Ugandan police detained opposition candidate Kizza Besigye in the capital Kampala Monday as he campaigned for the country's presidential election this week.
Witnesses said police fired tear gas after Besigye was stopped at a junction and told to get out of his car. Then they took him into custody, before moving him to another location outside of Kampala. He was later released.
Police claim Besigye was holding campaign events in the central business district, which they say is off limits for campaigning.
Besigye has lost three disputed elections to President Yoweri Museveni, who has been in power since 1986.
Uganda’s assistant inspector general of police accused Besigye of violating campaign rules.
“If you choose because it is political period, to campaign, to go to a place where you are not supposed to be at that time, and then lead a procession through the central business district, the nerve center of economic activity, at such a time, I think we must protect other people,” he said.
One of Besigye’s lawyers, Lukwago Shifrah, said she was in a car with the opposition candidate when they were stopped by police and tear-gassed.
“We were together and actually we finished the first rally which was carried out there, and then we left to go to the convoy and then we had another rally but we were blocked, and they had to tear-gas us, which wasn’t called for because he’s a candidate like any other people," Shifrah said.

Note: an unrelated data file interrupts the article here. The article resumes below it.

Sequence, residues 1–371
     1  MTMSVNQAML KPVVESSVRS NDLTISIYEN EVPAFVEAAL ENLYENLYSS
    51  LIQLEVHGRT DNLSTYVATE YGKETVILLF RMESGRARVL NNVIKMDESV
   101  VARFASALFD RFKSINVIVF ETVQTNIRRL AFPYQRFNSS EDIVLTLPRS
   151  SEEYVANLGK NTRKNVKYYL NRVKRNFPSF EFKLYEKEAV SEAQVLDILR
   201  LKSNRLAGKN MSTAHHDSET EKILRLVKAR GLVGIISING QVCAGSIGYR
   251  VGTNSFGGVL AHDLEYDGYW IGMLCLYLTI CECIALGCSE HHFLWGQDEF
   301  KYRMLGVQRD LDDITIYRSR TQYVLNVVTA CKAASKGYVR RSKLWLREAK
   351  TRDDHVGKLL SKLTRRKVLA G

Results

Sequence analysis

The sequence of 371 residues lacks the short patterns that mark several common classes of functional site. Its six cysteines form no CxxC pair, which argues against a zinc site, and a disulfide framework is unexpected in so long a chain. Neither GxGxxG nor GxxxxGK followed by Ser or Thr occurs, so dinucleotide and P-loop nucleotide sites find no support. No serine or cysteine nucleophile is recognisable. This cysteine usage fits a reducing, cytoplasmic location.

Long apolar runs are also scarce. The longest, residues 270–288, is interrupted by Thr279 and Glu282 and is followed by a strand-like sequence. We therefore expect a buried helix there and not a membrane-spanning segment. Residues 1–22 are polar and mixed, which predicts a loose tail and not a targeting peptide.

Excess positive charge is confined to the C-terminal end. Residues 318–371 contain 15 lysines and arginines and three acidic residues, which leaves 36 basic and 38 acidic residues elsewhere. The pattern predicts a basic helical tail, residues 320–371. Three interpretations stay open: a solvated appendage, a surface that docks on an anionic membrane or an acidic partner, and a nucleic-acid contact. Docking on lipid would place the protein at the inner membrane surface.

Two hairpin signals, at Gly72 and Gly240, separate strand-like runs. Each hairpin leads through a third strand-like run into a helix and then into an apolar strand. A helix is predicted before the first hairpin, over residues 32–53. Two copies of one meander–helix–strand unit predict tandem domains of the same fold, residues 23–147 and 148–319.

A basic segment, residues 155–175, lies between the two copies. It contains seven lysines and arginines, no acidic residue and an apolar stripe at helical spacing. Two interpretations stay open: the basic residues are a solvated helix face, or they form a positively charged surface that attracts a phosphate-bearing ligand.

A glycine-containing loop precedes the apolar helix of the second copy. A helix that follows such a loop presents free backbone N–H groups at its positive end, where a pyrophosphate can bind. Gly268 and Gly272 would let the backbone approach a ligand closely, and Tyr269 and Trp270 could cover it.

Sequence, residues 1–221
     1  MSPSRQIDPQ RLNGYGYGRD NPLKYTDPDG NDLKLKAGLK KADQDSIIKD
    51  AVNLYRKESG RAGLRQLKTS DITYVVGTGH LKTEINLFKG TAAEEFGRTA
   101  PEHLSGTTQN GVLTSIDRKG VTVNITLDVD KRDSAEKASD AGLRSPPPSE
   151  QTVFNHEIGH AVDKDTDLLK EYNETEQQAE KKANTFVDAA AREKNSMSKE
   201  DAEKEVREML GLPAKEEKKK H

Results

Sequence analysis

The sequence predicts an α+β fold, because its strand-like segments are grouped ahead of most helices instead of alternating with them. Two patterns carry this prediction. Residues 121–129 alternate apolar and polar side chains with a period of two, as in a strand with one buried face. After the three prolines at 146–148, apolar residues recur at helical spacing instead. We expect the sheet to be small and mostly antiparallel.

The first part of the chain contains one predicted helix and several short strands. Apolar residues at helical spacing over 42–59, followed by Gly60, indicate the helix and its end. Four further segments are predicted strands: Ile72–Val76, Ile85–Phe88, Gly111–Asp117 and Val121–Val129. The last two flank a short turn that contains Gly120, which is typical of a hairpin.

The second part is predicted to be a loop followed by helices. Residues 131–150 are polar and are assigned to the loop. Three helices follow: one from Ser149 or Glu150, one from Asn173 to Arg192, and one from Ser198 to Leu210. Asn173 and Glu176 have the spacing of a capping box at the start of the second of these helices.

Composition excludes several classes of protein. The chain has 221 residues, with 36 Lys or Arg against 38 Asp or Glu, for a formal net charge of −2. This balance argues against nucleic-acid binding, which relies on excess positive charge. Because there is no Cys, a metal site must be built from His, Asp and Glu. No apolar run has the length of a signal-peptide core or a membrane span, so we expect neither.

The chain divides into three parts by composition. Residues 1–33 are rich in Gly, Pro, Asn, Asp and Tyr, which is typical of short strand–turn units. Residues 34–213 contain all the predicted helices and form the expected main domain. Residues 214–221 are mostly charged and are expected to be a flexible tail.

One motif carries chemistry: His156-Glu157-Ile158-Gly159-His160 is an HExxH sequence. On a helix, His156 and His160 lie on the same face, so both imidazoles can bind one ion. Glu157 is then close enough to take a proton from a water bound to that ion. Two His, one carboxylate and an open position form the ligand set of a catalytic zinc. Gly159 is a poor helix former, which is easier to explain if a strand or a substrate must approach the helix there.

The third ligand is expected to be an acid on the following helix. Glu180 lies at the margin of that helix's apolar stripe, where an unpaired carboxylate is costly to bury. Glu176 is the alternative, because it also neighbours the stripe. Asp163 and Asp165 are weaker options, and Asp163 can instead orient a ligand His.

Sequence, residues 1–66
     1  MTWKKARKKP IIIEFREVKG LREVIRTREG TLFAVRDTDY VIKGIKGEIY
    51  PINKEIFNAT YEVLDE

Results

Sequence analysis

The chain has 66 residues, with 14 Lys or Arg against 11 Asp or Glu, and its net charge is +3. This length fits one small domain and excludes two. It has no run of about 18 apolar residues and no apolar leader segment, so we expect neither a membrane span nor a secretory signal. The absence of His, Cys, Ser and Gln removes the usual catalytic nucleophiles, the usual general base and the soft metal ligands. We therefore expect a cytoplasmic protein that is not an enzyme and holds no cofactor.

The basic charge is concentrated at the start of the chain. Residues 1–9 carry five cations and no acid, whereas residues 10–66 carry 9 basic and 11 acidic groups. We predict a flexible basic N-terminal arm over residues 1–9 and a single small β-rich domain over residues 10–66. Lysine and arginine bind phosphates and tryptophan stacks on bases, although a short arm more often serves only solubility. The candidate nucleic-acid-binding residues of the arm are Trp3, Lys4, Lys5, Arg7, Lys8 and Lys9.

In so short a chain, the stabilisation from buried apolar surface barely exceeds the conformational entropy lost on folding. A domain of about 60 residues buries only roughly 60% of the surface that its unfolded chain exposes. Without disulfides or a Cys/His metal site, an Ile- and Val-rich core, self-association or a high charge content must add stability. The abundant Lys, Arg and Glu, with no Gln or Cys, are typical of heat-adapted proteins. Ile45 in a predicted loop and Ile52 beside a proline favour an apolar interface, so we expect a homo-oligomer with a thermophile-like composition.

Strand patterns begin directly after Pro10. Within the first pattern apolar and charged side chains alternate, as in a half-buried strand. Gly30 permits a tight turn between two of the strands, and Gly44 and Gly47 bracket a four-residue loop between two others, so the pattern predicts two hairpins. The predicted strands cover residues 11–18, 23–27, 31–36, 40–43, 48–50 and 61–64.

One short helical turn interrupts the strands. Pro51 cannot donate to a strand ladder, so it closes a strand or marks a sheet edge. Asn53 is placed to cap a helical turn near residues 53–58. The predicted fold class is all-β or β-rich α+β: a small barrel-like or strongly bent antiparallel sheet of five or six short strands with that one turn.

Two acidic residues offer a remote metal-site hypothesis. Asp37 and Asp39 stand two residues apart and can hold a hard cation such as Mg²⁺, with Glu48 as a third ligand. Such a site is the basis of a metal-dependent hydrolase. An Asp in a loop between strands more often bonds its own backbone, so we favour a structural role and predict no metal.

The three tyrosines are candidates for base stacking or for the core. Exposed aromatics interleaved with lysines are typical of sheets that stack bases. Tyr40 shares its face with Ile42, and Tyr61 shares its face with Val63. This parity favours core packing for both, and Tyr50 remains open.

Voter Charles Opakrwoth said he had been a long-time supporter of NRM, President Museveni’s party, until recently, when he switched to Besigye’s FDC party. He says he was at the junction when the police took Besigye.
“Me, as a Ugandan, and I know human rights law, what they have done today, is not fair. Even if they do to other person, even if to do to another person, it’s still not good,” he said.
After Besigye was released, his supporters and police faced off in Kampala, as supporters waited for him to make an appearance at Makerere University. Some supporters threw stones and police fired tear gas canisters to disperse the crowds.
Ugandans go to the polls Thursday to vote for president, parliamentary seats and local government seats.
Museveni has been in power since a 1986 coup and won landslide victories in 2006 and 2011 in elections that observers said were marred by irregularities and intimidation of opposition parties.